I selected my whole Dungeon. All the fifteen floors, all the trees, fishes, and animals inside. I was really sorry for letting them down. They would be sacrifices for the greater good.
Here goes nothing.
My entire Dungeon minus the wagons were selected. The walls started glowing with power and suddenly, space folded upon itself. I committed everything to the demiplane. Three miles deep and ten miles of radius. The Dungeon and the rock around it folded down upon itself and vanished from reality. A shimmering portal was left at the access point, the mouth of the tunnel at ground level.
The world rumbled. Dirt and rocks that now had no support were pushed inward by gravity and internal pressures and an avalanche rushed into the massive hole.
I wished I could catch Jabberwock and send him into the demiplane. That was impossible, he was so big he wasn't fully inside my Dungeon. Instead, Jabberwock was bisected. Hundreds of tentacles fell down as sixty feet of the monster were cut off. Almost ten percent of its height. The remainder plummeted down into the hole. We heard a squelch from this far away and then the avalanche rushed in to cover the hole. The ground cracked and chunks slid one after the other. The hole seemed to be sucking all this land inward. It was terrifying to see. More terrifying than the wall of smoke rising up into the heavens. More terrifying than the crystal Boboyote exploding.
Jabberwock was buried three miles below the surface. Thousands of tons of earth fell over the beast.
Yet I saw no kill notification. I hoped it was the degrees of separation but...
A primal and deep scream caused the whole train and the world around us to shake. The sound was infused with wicked sticky magic.
> You heard the horrendous whining of a wounded Jabberwock. You lost a Willpower contest. The efficiency of all Attributes is lowered by 75% for 1 day. You are frightened. You suffer an 80% combat efficiency penalty for 1 day.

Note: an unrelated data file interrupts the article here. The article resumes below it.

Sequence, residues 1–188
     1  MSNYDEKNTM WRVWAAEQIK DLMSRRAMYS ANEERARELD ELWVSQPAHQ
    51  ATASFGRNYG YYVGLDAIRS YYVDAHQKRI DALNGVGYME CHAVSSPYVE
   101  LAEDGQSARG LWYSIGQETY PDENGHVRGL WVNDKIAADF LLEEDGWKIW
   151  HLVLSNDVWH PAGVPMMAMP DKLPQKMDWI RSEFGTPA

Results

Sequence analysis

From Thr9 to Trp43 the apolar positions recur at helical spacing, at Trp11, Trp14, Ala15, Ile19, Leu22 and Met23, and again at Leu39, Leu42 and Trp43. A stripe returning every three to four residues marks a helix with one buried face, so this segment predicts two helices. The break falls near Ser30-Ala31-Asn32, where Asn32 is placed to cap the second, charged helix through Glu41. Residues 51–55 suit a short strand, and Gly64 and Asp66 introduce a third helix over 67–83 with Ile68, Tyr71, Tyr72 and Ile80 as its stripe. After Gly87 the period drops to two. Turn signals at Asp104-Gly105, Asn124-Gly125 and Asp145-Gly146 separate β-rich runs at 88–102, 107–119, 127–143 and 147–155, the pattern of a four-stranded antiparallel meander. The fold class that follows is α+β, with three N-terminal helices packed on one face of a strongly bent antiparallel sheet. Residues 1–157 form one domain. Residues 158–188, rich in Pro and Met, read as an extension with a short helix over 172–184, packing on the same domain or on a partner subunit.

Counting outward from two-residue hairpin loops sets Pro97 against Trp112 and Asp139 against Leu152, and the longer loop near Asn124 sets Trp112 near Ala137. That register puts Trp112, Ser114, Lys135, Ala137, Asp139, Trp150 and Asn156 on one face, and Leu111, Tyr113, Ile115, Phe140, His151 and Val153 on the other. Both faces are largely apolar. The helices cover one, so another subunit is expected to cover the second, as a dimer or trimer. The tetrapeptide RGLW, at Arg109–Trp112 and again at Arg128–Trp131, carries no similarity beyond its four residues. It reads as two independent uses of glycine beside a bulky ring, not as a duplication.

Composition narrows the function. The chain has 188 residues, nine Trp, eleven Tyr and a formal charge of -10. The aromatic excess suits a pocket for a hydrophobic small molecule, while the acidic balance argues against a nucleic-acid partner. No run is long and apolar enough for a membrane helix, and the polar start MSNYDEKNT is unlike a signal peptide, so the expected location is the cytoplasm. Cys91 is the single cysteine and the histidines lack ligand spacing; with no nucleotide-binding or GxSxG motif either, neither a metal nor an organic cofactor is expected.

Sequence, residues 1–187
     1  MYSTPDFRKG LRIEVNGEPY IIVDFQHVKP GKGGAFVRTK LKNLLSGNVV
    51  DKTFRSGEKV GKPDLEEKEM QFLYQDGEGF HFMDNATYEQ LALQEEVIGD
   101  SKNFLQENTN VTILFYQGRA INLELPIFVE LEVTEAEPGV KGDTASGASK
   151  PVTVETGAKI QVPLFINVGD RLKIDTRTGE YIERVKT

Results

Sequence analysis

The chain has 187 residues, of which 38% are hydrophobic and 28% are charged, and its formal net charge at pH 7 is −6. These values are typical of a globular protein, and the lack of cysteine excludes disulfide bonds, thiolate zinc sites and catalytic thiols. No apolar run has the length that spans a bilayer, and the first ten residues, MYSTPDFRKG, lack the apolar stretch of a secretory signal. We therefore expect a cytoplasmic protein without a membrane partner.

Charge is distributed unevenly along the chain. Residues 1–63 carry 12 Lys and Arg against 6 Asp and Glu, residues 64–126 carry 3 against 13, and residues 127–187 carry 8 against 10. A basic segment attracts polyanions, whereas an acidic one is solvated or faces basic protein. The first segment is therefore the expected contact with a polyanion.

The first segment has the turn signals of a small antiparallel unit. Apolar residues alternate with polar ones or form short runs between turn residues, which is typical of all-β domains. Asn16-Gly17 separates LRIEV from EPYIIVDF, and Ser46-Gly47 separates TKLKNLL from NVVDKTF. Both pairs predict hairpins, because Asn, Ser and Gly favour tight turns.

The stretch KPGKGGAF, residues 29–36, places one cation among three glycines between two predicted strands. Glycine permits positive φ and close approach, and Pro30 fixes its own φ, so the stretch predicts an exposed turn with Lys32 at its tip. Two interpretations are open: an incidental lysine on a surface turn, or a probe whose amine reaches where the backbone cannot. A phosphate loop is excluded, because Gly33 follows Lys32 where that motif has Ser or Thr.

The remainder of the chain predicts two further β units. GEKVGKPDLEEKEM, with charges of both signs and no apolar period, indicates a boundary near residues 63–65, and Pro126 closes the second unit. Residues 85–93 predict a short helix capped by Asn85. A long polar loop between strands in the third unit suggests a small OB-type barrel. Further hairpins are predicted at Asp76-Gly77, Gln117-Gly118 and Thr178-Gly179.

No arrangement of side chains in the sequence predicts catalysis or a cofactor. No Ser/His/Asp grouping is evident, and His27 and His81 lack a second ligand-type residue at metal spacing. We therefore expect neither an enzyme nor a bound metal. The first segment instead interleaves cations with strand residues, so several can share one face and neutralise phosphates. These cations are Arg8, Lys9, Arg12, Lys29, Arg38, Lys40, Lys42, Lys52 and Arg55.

People on the train fell down on the ground, weakened. The low-level ones were the least affected. Almost everyone was reduced to the closest baseline human they ever were since their Awakening into the System. But I could keep them safe. The problem was another.
It was still alive. Wounded but alive. I typed the command to increase our throttle to three hundred feet per hour. Two miles per day. Then the System chimed in.
> The Core is no longer inside the Dungeon. Unless the Core returns inside the Dungeon, the demiplane will collapse in 24 hours.
Damn. The Dungeon could not pay the Demiplane's upkeep by itself. That was... I stared at the shimmering portal floating above the massive pit, through the dust cloud that kicked up. What happens when a collapsed demiplane un-collapsed itself again?
Bio: The author would like to reinforce for the umpteenth time that the characters' opinions are their own, may be intentionally wrong, do not reflect my (MDW's) personal viewpoints neither are included in this work to further any political agenda (I don't even live in the same hemisphere or country as you, whichever those are. I'm writing from the Earth-Sun L3 point for all I care). My works serve no purpose other than to tell stories with conflicting viewpoints. Use of the reader's critical sense is highly advised.